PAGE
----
Monthly Archives: April 2013

Tribeca Review: Lil Bub & Friendz

Lil-Bub-and-FriendzThe cute cat effect is there, but the tragedy of Lil Bub’s condition, the lack of a well constructed narrative, and the inclusion of some weakly related side stories keep “Lil Bub & Friendz” from being as fun and poignant as it could have been.

For those who aren’t in-the-know, Lil Bub is the ultimate Internet cat celebrity. One day a video of Bub popped up on YouTube, showing her stalking and then pouncing on the camera. Soon thereafter, the views started pouring in and then in came the Lil Bub blog, Facebook page, merchandise, and more. However, while we were all fussing over and admiring Bub’s unusually adorable mug, she and her owner, Mike Bridavsky, had to pay very close attention to the condition that made Bub who she is – a number of genetic mutations that left Bub with dwarfism, polydactylism and deformed lower jaw.

While “Lil Bub & Friendz” does cover every angle, exploring the evolution of the Internet celebrity, the appeal of cats specifically, Bub’s fan base, Mike’s personal connection to Bub, and more, co-directors Juliette Eisner and Andy Capper have a tough time creating much momentum because they don’t seem to know what to do with the material they have. For instance, if you’re making a film about a cute cat that went viral, you’re basically handed an opening hook. However, rather than show what makes Bub worthy of such fame, we get this strange presentation of Bub on a tacky alien spaceship set, jokingly yet oddly suggesting the cat is so bizarre, she’s otherworldly. Perhaps it could have worked had it been funny, but it comes across more like the uncomfortable situation when you’re stuck watching a pet prance around in a costume who very clearly doesn’t appreciate being dressed up. Plus, even worse, the opening also alienates viewers who aren’t already familiar with Bub.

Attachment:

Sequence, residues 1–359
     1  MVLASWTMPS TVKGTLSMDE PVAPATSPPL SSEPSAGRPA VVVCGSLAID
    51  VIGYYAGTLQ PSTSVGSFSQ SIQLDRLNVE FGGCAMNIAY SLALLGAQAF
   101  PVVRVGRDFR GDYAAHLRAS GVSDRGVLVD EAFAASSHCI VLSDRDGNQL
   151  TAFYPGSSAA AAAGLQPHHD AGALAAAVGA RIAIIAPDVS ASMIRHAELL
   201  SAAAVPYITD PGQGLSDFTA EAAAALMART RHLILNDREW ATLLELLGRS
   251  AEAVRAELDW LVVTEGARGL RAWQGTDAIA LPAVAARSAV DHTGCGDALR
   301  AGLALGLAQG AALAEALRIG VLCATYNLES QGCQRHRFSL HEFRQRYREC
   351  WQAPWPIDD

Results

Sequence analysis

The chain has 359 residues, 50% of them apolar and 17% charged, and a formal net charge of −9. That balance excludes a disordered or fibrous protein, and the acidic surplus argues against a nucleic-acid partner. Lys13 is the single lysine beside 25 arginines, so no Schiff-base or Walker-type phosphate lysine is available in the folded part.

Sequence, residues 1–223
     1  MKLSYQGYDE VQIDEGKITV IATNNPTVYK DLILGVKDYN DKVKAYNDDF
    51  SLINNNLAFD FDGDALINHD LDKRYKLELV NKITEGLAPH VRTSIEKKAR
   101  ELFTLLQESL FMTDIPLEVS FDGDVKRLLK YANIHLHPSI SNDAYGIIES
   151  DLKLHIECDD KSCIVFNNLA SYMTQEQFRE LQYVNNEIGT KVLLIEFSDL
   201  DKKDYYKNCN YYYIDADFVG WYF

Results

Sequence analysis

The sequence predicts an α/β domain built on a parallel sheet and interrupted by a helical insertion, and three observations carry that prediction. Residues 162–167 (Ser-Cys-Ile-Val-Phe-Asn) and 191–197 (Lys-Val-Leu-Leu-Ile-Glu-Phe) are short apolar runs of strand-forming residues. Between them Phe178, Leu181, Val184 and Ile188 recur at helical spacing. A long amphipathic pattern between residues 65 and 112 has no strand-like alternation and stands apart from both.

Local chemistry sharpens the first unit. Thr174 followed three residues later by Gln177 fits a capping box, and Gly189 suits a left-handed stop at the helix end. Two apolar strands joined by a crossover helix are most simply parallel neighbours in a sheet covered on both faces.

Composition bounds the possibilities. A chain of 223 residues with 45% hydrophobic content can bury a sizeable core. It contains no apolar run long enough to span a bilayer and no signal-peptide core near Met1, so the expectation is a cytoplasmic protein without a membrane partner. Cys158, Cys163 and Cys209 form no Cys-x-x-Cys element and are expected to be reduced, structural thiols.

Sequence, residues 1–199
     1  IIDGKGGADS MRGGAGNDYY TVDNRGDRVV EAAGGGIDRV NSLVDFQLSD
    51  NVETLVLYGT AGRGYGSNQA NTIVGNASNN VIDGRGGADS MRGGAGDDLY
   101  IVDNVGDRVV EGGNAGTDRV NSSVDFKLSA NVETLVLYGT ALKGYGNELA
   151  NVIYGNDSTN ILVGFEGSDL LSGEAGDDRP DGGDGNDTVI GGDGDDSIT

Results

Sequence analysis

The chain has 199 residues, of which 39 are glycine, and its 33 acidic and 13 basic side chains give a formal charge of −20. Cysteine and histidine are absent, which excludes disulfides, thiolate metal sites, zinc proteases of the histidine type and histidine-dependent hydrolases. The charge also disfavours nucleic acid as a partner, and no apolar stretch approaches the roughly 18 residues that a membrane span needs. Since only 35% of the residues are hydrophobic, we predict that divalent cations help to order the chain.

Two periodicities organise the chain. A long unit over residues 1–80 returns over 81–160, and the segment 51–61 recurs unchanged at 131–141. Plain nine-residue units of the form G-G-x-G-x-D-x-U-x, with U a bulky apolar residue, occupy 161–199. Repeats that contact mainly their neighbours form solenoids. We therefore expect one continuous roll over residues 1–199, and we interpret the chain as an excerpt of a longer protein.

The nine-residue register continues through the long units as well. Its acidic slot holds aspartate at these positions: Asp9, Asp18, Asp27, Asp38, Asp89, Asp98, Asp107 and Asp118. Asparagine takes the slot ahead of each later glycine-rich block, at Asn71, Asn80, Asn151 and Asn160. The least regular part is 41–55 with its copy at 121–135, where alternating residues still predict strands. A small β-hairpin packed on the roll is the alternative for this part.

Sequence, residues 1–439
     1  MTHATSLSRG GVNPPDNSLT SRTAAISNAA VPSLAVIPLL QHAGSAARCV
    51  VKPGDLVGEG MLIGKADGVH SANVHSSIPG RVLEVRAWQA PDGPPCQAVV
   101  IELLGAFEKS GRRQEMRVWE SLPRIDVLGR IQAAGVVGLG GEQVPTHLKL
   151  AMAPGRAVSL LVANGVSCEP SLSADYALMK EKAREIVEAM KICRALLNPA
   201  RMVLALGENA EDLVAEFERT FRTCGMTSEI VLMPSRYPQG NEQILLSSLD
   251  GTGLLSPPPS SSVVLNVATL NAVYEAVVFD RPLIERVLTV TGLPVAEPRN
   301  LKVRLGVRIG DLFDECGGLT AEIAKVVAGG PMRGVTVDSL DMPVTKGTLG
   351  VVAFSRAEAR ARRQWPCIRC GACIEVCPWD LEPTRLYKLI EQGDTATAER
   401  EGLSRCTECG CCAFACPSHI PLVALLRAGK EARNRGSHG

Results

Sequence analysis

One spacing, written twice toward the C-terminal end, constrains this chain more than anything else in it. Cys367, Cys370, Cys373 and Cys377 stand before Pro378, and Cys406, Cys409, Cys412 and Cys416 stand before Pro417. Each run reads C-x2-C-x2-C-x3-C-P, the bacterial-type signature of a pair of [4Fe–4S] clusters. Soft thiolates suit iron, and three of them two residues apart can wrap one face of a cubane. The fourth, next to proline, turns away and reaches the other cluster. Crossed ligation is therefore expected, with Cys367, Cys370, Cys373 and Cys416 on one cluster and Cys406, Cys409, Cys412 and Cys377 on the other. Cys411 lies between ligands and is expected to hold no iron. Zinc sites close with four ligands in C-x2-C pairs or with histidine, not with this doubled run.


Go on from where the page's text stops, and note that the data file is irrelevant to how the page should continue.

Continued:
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Tribeca Review: Byzantium

Byzantium_PosterSaoirse Ronan and Gemma Arterton are captivating enough, but this hybrid drama-period piece lacks the zest, pace and tension you’d expect from a film digging into the repercussions of vampirism.

Clara (Arterton) and her daughter Eleanor (Ronan) may be able to conjure their pointy nails, draw blood, and suck a victim dry, but making enough money to put a roof over their heads is a different story. Over two centuries after leaving their humanity behind to become vampires, the pair is still on the run, struggling to support themselves and keep their condition a secret. While Clara resorts to former human habits, making a living via prostitution, Eleanor consoles the elderly, putting those who are ready out of their misery.

When a run-in with someone connected to their past turns bloody, Clara uproots Eleanor yet again and the two set out to find a new home. Having just lost his mother, Clara befriends the lonely Noel (Daniel Mays) and convinces him to let her and Eleanor live with him at the property he just inherited, a hotel called Byzantium. While Clara runs her brothel out of their new abode, Eleanor reluctantly strikes up a relationship with Frank (Caleb Landry Jones), a connection that tempts her to finally reveal her unique history.

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Review: Iron Man 3